Special Needs Children

                                  An Article in Wall Street Journal tells                                     Why Kids Need to Move

July 8
The Centers for Disease Control tells us that in recent years there has been a jump in the percentage of young people diagnosed with Attention Deficit and Hyperactivity Disorder, commonly known as ADHD: 7.8 percent in 2003 to 9.5 percent in 2007 and to 11 percent in 2011. The reasons for the rise are multiple, and include changes in diagnostic criteria, medication treatment and more awareness of the condition. In the following post, Angela Hanscom, a pediatric occupational therapist and the founder of TimberNook, a nature-based development program designed to foster creativity and independent play outdoors in New England, suggests yet another reason more children are being diagnosed with ADHD, whether or not they really have it:the amount of time kids are forced to sit while they are in school.  (Read entire article)

An 8-Board Study Reveals

A study was conducted on 6 elementary school students ranging in ages from 7 years to 10 years, over one school year period. Each student was assessed using the Bruininks-Oseretsky Test of Motor Proficiency, 2nd Edition Body Coordination subtest, consisting of assessments in Bilateral Coordination and Balance. The students were assessed upon initiation of the study and then following a 6 week course of treatment with the 8-board one or two times per week, along with additional school-based occupational therapy services. The standardized assessment results were based on Combined (male/female) scores for the appropriate age of each student. The hypothesis was that students would improve bilateral coordination and balance skills utilizing the 8-board for a multitude of therapy techniques.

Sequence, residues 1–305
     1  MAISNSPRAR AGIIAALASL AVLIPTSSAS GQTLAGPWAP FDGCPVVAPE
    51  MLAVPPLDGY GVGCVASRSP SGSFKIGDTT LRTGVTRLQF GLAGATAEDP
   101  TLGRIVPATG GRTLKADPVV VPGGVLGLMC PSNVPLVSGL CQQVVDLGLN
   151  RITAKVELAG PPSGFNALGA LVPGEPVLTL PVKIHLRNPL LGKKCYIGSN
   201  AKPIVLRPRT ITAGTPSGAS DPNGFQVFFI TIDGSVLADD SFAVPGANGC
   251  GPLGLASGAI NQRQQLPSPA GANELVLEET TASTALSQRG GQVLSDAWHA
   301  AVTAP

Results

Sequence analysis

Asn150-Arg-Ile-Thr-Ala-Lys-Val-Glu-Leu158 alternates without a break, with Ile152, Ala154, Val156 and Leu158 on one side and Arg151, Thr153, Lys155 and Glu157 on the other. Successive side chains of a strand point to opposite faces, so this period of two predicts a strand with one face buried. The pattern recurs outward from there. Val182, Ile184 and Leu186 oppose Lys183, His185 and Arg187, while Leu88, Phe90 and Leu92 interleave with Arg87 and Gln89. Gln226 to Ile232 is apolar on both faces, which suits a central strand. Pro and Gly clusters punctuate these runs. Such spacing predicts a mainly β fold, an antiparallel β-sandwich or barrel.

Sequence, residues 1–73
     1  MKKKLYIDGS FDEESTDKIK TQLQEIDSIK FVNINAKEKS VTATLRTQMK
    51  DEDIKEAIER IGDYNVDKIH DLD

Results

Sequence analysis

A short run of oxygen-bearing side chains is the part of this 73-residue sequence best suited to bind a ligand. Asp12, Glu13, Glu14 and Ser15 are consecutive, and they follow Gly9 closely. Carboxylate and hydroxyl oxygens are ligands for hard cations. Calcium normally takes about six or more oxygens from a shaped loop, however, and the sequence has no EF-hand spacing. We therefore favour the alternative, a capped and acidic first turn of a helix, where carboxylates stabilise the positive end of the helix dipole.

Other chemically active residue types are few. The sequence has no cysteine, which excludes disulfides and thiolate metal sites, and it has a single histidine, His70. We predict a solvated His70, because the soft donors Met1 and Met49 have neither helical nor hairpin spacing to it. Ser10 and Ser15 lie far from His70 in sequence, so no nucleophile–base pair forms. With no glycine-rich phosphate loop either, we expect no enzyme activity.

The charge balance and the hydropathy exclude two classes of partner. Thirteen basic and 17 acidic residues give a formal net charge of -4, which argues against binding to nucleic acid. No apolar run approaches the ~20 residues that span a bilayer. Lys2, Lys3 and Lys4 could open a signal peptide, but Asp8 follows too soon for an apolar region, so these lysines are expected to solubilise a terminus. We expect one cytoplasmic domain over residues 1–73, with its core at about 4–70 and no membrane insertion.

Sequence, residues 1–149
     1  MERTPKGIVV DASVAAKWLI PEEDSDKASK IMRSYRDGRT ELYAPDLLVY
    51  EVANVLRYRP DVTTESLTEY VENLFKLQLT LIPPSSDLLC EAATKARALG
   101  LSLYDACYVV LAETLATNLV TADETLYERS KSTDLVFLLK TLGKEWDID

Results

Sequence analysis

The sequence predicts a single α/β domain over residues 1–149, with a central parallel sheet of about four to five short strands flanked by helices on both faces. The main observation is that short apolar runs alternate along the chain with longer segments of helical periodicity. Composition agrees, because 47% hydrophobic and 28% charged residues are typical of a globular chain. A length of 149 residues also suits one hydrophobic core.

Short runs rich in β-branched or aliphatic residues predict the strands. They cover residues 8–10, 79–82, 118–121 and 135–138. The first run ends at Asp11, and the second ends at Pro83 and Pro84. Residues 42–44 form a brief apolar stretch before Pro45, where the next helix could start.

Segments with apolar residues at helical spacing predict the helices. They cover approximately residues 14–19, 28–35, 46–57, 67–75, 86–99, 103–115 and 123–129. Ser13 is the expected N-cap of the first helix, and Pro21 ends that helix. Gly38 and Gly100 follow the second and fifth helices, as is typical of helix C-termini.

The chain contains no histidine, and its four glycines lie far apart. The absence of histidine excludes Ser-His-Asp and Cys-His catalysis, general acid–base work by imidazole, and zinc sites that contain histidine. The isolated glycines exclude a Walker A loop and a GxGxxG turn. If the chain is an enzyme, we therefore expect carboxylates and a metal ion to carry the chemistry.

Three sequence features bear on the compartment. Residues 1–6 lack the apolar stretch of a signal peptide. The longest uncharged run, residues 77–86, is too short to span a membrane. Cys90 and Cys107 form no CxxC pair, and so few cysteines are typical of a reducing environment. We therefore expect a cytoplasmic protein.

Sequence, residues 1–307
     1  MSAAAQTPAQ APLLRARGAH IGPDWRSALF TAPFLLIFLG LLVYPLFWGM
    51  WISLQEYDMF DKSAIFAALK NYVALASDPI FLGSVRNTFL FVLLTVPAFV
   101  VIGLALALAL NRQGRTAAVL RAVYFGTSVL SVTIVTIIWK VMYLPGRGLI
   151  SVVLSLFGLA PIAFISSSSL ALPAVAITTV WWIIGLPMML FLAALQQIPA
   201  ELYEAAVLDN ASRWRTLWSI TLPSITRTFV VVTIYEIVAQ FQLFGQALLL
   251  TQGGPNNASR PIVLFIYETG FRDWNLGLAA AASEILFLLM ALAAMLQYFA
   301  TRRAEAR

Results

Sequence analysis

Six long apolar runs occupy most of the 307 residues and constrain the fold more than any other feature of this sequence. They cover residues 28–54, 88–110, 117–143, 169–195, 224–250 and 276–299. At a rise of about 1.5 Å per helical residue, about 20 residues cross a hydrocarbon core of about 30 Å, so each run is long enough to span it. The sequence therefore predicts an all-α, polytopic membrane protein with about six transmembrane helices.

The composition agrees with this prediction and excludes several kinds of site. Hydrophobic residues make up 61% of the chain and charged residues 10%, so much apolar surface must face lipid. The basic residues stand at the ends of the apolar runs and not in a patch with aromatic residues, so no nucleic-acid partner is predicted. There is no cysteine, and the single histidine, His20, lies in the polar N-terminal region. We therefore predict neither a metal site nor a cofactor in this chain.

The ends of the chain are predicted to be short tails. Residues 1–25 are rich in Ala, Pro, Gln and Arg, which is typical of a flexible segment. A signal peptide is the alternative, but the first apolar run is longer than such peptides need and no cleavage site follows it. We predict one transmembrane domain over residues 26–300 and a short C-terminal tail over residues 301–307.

All students demonstrated overall improvements in Body Coordination as demonstrated by standardized assessment subtest results. Of the six students assessed, the greater amount of progress was observed to be made in the area of bilateral coordination over balance. The overall positive assessment results and improvements in bilateral coordination and balance, though a small sample, favors the therapeutic use of the 8-board for all ages to improve motor skill development. At the educational level, the improvements in bilateral coordination could be estimated to further improve overall reading fluency and written language (though not assessed at this time).                                                                                                                     Megan A. Hopper, OTR/L, Western Placer Unified School District

In an email a few weeks later…

Jack, I just sent you that stuff. I forgot however to mention that 4 of the 6 students were on the Autism Spectrum, high functioning, in regular education with special education support. 2 of the 6 receive Adapted Physical Education (a special education service) as well. Feel free to add that in wherever you see fit. Sorry                                                                         Megan A. Hopper, OTR/L, Occupational Therapist                                  Western Placer Unified School District